FORT LAUDERDALE, Fla. — Brian Kelly, Notre Dame's football coach, stood on the airport tarmac here Wednesday afternoon and mused about his safety as he looked out at the media hord awaiting his thoughts about the BCS championship game Monday against Alabama.
"Do you see that," Kelly said, gesturing at the sea of microphones and cameras. "I'm not going in there!"
But he hesitated for only a moment as he led his No. 1 ranked Fighting Irish off their chartered flight and four days of preparation, mixed with pre-game celebration, for the biggest game of his coaching career.
"We're going to get our work done and we're going to enjoy our time here and we're going to get the proper rest necessary," Kelly said. "You don't go 35 days and condition your team to come out and blow it. We've had plenty of fun, we'll enjoy our time here, but we're here to win a football game."
That is a formidable challenge for the only major college undefeated team. Alabama is familiar with the rituals and distractions of a championship game, having played in three of the last four. And the Crimson Tide is a double-digit favorite to crush the Irish.
That didn't seem to bother Notre Dame, which started the 2012 season unranked. That changed when the Irish upset Michigan State and Oklahoma, and defeated highly-ranked Stanford.
"We've played a lot of games as underdogs this year," said Robby Toma, Notre Dame's senior wide receiver and the only player the media was allowed to speak with at the Fort Lauderdale-Hollywood International Jet Center.
"A lot of people doubted us," said Toma. "Nothing's going to change. We're going to compete for four quarters. We're not going to guarantee a win. We're just going to go out there and play."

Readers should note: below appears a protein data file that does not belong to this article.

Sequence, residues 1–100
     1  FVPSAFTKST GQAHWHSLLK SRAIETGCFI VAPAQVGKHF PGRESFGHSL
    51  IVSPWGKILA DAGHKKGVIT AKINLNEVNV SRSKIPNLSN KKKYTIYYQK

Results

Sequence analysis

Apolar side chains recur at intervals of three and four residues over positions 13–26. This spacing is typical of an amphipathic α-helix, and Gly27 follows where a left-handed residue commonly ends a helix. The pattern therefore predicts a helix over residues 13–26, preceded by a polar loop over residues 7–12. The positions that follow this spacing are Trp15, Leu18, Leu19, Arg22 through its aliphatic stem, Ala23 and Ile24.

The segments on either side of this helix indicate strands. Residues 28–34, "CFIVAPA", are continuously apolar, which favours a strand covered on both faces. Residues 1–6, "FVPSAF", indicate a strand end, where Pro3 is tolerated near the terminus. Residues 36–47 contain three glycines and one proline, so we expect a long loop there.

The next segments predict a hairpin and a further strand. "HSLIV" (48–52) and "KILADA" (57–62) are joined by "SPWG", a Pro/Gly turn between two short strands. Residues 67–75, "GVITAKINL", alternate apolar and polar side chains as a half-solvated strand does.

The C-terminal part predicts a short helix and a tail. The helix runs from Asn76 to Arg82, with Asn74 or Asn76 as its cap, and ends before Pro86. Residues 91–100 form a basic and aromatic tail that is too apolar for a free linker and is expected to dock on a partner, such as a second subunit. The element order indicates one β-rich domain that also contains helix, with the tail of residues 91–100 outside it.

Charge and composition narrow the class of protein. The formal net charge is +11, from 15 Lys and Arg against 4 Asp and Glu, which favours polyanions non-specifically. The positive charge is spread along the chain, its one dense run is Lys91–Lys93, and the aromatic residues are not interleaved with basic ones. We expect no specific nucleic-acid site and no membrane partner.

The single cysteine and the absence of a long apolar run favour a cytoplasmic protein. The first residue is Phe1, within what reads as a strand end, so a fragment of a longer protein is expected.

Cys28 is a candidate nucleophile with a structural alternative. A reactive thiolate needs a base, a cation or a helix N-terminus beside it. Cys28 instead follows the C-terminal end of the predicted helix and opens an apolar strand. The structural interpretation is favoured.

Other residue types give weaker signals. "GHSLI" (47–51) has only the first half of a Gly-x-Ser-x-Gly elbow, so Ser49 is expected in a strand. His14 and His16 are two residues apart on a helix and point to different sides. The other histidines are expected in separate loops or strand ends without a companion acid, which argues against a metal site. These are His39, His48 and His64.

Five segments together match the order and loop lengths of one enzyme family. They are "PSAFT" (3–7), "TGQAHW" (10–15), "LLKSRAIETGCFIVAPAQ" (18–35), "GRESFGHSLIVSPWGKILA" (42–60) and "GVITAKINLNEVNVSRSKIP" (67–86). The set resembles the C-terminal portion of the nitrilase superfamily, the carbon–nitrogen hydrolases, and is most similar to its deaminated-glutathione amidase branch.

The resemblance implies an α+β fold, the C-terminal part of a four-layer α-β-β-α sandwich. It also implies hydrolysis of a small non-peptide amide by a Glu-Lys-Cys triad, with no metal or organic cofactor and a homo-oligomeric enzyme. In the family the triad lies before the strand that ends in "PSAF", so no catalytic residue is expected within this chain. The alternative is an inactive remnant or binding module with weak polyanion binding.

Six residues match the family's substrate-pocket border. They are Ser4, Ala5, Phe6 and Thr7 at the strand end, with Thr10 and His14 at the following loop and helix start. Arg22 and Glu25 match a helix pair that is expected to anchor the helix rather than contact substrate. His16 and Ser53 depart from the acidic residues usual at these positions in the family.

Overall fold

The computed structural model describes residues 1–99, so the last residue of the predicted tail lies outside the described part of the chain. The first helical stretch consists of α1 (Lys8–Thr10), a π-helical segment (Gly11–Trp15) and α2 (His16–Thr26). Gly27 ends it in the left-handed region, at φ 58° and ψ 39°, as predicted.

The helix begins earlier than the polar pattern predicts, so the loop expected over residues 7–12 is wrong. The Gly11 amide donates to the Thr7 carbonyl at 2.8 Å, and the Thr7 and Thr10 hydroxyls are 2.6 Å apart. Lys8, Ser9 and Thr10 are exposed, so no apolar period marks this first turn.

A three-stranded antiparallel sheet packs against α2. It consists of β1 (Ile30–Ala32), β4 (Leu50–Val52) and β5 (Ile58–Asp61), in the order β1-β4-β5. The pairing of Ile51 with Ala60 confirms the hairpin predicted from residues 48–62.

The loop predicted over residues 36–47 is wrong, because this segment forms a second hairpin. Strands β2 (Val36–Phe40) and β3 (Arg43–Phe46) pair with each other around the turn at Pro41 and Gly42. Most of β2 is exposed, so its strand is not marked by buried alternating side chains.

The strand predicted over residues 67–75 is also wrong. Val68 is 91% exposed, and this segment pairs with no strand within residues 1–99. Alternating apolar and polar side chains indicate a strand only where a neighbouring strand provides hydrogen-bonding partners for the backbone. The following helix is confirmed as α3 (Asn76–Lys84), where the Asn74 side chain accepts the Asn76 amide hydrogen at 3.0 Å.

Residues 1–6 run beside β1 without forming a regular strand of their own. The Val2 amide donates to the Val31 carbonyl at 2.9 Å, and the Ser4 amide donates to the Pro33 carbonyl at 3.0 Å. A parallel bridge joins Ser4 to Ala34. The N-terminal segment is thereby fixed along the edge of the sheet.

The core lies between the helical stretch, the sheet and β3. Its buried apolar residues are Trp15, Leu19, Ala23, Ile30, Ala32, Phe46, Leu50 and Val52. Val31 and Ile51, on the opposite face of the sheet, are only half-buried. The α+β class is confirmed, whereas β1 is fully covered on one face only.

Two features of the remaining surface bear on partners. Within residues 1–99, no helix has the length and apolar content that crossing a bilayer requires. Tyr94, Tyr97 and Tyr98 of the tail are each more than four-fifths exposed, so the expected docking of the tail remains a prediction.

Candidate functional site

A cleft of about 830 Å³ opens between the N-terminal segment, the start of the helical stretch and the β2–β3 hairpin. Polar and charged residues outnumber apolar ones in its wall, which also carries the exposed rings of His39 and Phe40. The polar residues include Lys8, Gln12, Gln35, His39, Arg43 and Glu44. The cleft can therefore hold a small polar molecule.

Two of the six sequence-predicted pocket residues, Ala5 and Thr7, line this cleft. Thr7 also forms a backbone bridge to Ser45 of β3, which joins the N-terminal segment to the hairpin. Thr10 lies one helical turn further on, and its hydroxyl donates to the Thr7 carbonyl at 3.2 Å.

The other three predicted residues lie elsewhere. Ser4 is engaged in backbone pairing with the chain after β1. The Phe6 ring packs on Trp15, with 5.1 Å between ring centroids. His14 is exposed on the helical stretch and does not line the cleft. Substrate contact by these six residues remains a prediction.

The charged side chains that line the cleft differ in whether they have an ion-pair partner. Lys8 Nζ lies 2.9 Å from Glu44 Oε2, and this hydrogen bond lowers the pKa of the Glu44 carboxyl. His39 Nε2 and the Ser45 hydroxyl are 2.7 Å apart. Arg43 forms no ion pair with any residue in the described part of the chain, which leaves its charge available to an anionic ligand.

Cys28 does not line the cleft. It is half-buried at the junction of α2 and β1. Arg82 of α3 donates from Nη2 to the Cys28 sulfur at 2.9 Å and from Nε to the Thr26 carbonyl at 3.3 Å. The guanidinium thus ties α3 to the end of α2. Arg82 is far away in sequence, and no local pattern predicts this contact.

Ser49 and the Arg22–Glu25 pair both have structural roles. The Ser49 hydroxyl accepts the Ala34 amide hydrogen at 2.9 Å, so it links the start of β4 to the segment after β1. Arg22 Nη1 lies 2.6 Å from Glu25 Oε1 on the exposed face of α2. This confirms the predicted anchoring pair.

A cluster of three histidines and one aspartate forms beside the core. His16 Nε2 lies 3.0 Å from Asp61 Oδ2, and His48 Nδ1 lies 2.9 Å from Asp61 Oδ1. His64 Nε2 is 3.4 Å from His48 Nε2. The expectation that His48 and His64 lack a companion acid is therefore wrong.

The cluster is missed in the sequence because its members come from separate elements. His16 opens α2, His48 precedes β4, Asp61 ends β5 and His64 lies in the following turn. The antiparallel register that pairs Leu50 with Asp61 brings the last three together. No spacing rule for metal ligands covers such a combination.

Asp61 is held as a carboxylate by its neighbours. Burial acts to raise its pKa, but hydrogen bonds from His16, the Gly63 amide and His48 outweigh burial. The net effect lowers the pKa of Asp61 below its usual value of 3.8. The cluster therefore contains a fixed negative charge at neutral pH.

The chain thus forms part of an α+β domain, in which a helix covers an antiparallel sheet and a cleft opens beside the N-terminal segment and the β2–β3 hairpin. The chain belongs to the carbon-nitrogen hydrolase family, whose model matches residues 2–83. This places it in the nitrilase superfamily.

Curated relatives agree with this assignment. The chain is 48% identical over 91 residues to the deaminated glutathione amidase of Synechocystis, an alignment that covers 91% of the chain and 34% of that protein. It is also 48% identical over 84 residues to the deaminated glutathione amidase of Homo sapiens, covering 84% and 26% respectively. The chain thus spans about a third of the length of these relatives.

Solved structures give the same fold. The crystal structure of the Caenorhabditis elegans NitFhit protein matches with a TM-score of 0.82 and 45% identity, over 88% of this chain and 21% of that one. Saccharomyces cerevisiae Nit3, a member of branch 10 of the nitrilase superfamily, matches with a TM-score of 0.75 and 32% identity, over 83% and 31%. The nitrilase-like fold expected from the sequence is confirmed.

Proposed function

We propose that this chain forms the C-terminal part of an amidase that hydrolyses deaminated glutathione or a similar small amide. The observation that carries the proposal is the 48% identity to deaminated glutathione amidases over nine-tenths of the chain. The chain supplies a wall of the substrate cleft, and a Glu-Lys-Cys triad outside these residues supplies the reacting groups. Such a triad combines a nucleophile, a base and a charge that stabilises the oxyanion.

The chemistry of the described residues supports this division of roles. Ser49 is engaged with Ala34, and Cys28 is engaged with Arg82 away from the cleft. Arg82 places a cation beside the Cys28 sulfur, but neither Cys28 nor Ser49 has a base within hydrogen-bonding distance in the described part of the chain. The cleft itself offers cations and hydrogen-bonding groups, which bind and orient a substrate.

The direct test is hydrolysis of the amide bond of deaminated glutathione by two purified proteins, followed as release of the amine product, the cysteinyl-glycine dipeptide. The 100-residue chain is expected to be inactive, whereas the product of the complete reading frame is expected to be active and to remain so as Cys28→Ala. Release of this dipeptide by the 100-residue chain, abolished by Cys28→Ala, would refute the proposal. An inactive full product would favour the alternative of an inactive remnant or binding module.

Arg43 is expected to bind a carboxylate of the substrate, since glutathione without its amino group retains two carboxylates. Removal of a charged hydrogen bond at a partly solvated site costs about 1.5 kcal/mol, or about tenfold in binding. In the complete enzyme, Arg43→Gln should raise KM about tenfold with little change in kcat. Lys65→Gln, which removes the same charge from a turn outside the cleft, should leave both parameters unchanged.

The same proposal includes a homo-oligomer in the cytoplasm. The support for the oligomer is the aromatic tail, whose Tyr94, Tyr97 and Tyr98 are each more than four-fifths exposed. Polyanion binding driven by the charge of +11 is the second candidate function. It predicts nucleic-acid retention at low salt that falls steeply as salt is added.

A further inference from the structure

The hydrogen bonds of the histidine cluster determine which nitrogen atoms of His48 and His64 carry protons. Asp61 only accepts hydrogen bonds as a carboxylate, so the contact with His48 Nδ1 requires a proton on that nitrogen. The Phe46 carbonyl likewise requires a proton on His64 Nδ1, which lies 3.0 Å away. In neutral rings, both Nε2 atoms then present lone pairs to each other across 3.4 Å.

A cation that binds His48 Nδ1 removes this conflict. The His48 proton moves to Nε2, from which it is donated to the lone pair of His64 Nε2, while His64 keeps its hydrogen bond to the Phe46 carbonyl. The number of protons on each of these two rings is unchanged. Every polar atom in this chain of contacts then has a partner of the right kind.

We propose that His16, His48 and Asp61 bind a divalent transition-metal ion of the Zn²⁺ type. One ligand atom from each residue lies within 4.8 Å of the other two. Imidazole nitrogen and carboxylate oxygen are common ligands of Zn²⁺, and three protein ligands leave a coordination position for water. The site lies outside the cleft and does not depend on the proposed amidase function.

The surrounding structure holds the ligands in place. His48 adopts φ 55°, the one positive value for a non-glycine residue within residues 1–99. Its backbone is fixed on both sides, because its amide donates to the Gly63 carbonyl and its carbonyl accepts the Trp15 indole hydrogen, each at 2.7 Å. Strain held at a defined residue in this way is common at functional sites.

The national title game kicks off at approximately 8:30 p.m. EST Monday at Sun Life Stadium in Miami. It will be the seventh meeting meeting and third major bowl game between the two schools. Notre Dame owns a 5-1 advantage in those games, the last of which was played in 1987.
The storied history of both football programs has created uncommon interest in the game, and Kelly admitted that fact isn't lost on the players.
"It's not like any trip that they've had before. It's not like any trip I've had before," he said. "It's something you dream about when you play this game and when you coach this game."
It is also something Notre Dame fans across the country thought they might never see again. Many of them lined the fences at the airport to get a glimpse of their heroes. Among them was Tim Wallace, a 2011 Notre Dame graduate who suffered through more losses than victories during his four years on the South Bend campus.
"I never thought this day would come," Wallace said. "I'm a little bit jealous that I wasn't on campus to enjoy it, but mostly it's pure bliss."
Michael Wanbaugh is managing editor of The Goshen (Ind.) News. Contact him at firstname.lastname@example.org